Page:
Three US oil giants, namely Chevron, ExxonMobil and Occidental Petroleum, have joined a global alliance to fight the problem of climate change.

Launched in 2014, the Oil and Gas Climate Initiative (OCGI) aims to provide practical solutions to combat global warming and reduce greenhouse gas emissions.

Each of the three companies will commit $100m to the OGCI Climate Investments fund, which is armed with a total funding of more than $1bn.

The US oil giants’ entry increases the number of OCGI member companies to 13 from the existing ten and raises OGCI’s representation to around 30% of global oil and gas production.

The key focus areas of the coalition include carbon capture and storage, methane reductions, and energy efficiency.

Over the years, ExxonMobil downplayed the risks associated with climate change although reports emerged that the company was in full knowledge of these risks.

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By GlobalData
“It will take the collective efforts of many in the energy industry and society to develop scalable, affordable solutions that will be needed to address the risks of climate change.”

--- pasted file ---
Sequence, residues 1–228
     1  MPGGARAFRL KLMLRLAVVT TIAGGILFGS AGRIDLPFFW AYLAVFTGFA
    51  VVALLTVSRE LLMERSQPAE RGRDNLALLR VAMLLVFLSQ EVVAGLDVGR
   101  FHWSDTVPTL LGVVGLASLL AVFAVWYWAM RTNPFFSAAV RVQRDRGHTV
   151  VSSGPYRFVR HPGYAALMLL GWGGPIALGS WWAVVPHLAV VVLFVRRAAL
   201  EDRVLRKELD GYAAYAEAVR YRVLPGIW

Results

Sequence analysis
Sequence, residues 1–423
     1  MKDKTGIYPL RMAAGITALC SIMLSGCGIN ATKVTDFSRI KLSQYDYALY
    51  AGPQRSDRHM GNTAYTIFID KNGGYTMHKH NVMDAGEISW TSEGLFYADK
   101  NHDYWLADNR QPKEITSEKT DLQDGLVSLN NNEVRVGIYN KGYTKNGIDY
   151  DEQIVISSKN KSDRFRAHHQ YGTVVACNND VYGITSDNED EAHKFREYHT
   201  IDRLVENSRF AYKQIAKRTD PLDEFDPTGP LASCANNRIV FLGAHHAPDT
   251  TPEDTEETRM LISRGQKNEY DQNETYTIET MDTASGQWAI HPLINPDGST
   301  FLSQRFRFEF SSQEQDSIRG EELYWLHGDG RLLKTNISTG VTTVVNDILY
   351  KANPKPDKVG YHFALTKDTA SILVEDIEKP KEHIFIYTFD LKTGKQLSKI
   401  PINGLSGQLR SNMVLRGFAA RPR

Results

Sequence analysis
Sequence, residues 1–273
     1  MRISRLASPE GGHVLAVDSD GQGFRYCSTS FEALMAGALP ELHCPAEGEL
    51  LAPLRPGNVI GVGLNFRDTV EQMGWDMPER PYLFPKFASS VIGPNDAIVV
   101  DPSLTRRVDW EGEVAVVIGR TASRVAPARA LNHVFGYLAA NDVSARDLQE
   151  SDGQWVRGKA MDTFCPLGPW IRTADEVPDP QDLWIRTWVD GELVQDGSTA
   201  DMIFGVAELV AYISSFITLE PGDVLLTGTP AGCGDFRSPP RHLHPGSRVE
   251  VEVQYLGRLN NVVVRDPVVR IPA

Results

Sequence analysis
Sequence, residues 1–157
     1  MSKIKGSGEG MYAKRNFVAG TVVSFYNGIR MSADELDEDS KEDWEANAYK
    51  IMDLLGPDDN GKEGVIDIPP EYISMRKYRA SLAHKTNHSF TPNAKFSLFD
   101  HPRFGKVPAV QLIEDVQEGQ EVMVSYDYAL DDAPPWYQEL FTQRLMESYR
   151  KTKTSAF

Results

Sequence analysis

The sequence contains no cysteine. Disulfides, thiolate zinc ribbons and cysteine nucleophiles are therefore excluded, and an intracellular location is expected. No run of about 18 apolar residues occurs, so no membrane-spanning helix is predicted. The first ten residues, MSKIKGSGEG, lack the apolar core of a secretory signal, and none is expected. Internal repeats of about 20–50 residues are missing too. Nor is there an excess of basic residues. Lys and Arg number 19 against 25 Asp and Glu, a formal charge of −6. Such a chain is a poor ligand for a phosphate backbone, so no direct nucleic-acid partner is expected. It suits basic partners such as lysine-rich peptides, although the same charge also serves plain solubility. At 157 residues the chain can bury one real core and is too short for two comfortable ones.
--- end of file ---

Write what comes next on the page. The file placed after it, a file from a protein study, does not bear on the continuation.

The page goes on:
As part of the OCGI project, ExxonMobil has now committed to invest in research and development of long-term solutions to reduce greenhouse gas emissions.

ExxonMobil chairman and CEO Darren Woods said: “It will take the collective efforts of many in the energy industry and society to develop scalable, affordable solutions that will be needed to address the risks of climate change.”

In May this year, ExxonMobil unveiled plans to reduce methane emissions by 15% and flaring by 25% by 2020.

Occidental Petroleum president and CEO Vicki Hollub said: “Industry innovation and collaboration have a critical role to play in addressing climate change, and Occidental is excited to join OGCI’s efforts to create a lower-emissions world.

“Occidental is advancing carbon dioxide enhanced oil recovery (CO2 EOR) as a form of carbon capture, utilisation and sequestration (CCUS).”

Other members in the global alliance include BP, CNPC, Eni, Equinor, Pemex, Petrobras, Repsol, Royal Dutch Shell, Saudi Aramco, and Total.